Note that python is a very specific TAB syntax you will need to use the included file.

import picamera.array

import picamera

import cv2

import numpy as np

import os

from imutils.object_detection import non_max_suppression

from imutils import paths

import imutils

import time

import pygame

from pygame.locals import *

import sys

import random

### ESC key to Exit Program ###

def event_handler():

for event in pygame.event.get():

if event.type == QUIT or (event.type == KEYDOWN and event.key == K_ESCAPE):

pygame.quit()

sys.exit()

### The Main Loop ###

def main():

# setup for Camera and OpenCV

### Start the Camera ###

camera = picamera.PiCamera()

stream = picamera.array.PiRGBArray(camera, size=(640, 480))

### set the resolution I used 640x480 so I could use 36 Pictures ###

camera.resolution = (640, 480)

### Set frame rate at 16 to reduce the stress on the Raspberry Pi ###

camera.framerate = 16

### set the inital values of the tracking variables ###

motionCounter = 0

avg = None

cntSleep = 0

imgNum = 1

# setup for Pygame

### import the Ghost images. You can change the info here. ###

### if you have have a differnt number of Pictues change the xrange ###

Ghost = list([pygame.image.load('Ghost/Ghost_{0}.jpg'.format(i)) for i in xrange(1,36)])

CLOCK = pygame.time.Clock()

### This is to setup the Gui-less display ###

driver = 'fbcon'

os.putenv('SDL_VIDEODRIVER', driver)

### initialize pygame ###

pygame.display.init()

size = (pygame.display.Info().current_w, pygame.display.Info().current_h)

### display the size of the screen ###

print("Framebuffer size: %d x %d" % (size[0], size[1]))

### Turn off the Mouse ###

pygame.mouse.set_visible(0)

### set the Dsiplay to Fullscreen ###

DS = pygame.display.set_mode(size, pygame.FULLSCREEN)

### Initially fill the sceen Black ###

DS.fill((0,0,0))

pygame.display.update()

#main while loop

while cv2.waitKey(1) != 27:

### Capture the stream from the camera ###

for f in camera.capture_continuous(stream, format='bgr', use_video_port=True):

### Check for ESC ###

event_handler()

### Capture the image and compare it to the previous image ###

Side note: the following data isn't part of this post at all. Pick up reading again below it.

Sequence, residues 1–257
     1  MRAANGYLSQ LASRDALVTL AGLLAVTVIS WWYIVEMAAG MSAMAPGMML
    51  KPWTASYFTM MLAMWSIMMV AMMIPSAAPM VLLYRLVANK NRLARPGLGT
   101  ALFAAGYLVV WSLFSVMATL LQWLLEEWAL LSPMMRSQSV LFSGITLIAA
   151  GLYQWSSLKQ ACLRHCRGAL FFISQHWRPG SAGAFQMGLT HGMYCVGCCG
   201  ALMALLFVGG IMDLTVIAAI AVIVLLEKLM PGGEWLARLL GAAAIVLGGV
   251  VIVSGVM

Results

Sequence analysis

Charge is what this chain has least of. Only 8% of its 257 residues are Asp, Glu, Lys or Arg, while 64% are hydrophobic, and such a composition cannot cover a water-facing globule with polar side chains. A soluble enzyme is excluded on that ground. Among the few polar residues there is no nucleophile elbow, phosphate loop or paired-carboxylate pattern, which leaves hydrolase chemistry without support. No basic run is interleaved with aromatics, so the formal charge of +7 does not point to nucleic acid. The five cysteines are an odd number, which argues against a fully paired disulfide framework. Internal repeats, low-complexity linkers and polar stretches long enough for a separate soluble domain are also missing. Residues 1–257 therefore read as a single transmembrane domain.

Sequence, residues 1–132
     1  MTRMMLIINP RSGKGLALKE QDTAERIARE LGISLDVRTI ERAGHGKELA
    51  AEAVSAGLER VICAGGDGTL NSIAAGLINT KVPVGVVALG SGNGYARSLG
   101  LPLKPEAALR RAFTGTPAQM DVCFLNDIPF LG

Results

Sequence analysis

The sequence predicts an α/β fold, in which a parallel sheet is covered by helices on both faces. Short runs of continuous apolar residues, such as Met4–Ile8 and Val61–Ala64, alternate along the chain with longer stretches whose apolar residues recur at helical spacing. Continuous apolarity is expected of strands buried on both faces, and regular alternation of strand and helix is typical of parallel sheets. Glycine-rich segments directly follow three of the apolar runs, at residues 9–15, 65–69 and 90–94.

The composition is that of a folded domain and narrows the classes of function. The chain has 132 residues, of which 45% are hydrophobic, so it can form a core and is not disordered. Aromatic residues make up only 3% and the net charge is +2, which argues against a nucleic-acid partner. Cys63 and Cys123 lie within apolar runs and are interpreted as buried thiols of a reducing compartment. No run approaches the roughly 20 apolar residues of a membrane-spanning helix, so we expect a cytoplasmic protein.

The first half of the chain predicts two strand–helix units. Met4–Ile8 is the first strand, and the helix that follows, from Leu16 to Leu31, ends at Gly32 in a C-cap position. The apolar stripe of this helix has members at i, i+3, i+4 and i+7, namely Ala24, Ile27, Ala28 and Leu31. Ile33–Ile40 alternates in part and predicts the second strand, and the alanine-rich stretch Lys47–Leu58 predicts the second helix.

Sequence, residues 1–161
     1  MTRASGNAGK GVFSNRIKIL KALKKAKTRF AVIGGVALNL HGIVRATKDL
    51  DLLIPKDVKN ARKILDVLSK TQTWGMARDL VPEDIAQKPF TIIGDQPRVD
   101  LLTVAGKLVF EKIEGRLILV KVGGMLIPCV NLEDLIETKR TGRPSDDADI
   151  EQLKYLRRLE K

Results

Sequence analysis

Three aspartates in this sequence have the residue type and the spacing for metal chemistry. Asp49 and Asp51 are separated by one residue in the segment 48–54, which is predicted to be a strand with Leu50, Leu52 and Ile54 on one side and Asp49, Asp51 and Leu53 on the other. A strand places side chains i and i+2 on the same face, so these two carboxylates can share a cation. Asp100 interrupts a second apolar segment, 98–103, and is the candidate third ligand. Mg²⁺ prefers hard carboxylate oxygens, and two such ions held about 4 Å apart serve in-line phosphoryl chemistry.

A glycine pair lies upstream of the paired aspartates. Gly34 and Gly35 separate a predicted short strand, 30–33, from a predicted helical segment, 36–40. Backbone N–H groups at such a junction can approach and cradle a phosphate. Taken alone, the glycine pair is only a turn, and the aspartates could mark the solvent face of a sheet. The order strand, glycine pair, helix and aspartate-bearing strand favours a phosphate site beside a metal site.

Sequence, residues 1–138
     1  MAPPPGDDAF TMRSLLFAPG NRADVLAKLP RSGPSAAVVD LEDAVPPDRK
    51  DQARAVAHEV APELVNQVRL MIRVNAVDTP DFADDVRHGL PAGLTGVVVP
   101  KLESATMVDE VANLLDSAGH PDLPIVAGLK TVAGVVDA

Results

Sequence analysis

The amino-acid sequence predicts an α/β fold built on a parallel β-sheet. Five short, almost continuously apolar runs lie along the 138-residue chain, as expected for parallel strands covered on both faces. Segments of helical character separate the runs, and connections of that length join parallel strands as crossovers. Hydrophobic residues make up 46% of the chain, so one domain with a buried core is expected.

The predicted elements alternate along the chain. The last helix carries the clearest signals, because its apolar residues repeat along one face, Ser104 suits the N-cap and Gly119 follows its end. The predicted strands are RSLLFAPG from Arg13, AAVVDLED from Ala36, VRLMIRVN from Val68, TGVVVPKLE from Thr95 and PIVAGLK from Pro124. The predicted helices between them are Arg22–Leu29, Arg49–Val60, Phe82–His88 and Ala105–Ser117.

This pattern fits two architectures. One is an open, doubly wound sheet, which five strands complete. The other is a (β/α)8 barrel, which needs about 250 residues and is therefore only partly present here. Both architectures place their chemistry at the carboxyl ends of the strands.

imgOriginal = f.array stream.truncate(0)

imgOriginal = imutils.resize(imgOriginal, width=500)

imgGray = cv2.cvtColor(imgOriginal, cv2.COLOR_BGR2GRAY)

imgGray = cv2.GaussianBlur(imgGray, (21, 21), 0)

if avg is None:

avg = imgGray.copy().astype("float")

stream.truncate(0)

continue

cv2.accumulateWeighted(imgGray, avg, 0.5)

frameDelta = cv2.absdiff(imgGray, cv2.convertScaleAbs(avg))

thresh = cv2.threshold(frameDelta, 5, 255, cv2.THRESH_BINARY)[1]

thresh = cv2.dilate(thresh, None, iterations=2)

### Motion Tracking ###

(_, cnts, _) = cv2.findContours(thresh.copy(), cv2.RETR_EXTERNAL,cv2.CHAIN_APPROX_SIMPLE)

for c in cnts:

if cv2.contourArea(c) < 5000:

continue

### The bounds of the Changed area ####

(x, y, w, h) = cv2.boundingRect(c)

if x > 0:

### Take the x cordinate add half of the Width ###

### This gets the center of the motion on the x-axis ###

### Divde by 18 and add 1 to get the Picture number ###

### Int() make it a whole number Round() rounds down ###

z = int(round((x + (w/2))/18)) + 1

### Rather than allow the Ghost to jump from center ###

### we have it cycle through till we hit new center ###

while imgNum <> z:

### If it is new motion just diplay the fist ###

if imgNum == 0:

imgNum = z

### Debug ###

#print("Picture Start = Ghost_" + str(imgNum) + ".jpg")

DS.blit(Ghost[imgNum], (336, 0))

### If its to the right go up 1 image ###

elif z > imgNum:

imgNum += 1

### Debug ###

#print("Picture + Ghost_" + str(imgNum)+ ".jpg")

DS.blit(Ghost[imgNum], (336, 0))

### if its to the left go down 1 image ###

else:

imgNum -= 1

### Debug ###

#print("Picture - Ghost_" + str(imgNum) + ".jpg")

DS.blit(Ghost[imgNum], (336, 0))

pygame.display.update()

### Debug ###

#print("Picture = " + str(z) + ", x = " + str(x) + ", w = " + str(w))

cntSleep = 0

continue

### Make the Ghost Disapear after 10 rounds with no Movement###

if cntSleep > 10:

### Debug ###

#print("Black Screen")

DS.fill((0,0,0))

pygame.display.update()

### Set the next movement to the First movement ###

imgNum = 0

### Debug ###

#print("Sleep = " + str(cntSleep))

cntSleep += 1

### Debug ####

#timerCnt += 1

#print("Timer = " + str(timerCnt))

#if timerCnt >= 100:

# quit()

return

if __name__ == "__main__": main()

Step 7: Setup and Copy the Files

You will need to copy the files and setup the folders.

  1. Copy python files to /home/pi/ on the Pi. Files Needed
    • ghost_2.0.py
  2. Make the folder for the Images
    • cd ~
    • mkdir Ghost
  3. Copy the images from another computer to the /home/pi/Ghost folder
  4. Test the script and make sure it runs.
    • sudo python ghost_2.0.py
  5. If the file works then create the launcher script to start on boot up. I used this tutorial.

Thank you for Viewing this tutorial. Have fun creating.

Comments

author
mglaforge (author)2016-11-01

Pretty cook,

author
DIY Hacks and How Tos (author)2016-11-01

This would be really awesome to set up with a motion sensor or a proximity sensor so that it turns on and fades in only when someone is standing in front of it. That way they will think that it is a normal mirror and freak out when it changes in front of them.

author

Thanks for the feedback. I decided to go with OpenCV and the picamera so that I could eventually use facial recognition to preform a jump scare. I also plan on having it only track motion on part of the its field of view and then disapear if someone comes from the other side so it can preform the scare only of someone is looking directly at it for a few seconds. I am hopeful that I will be able to get to the code now that Halloween is over.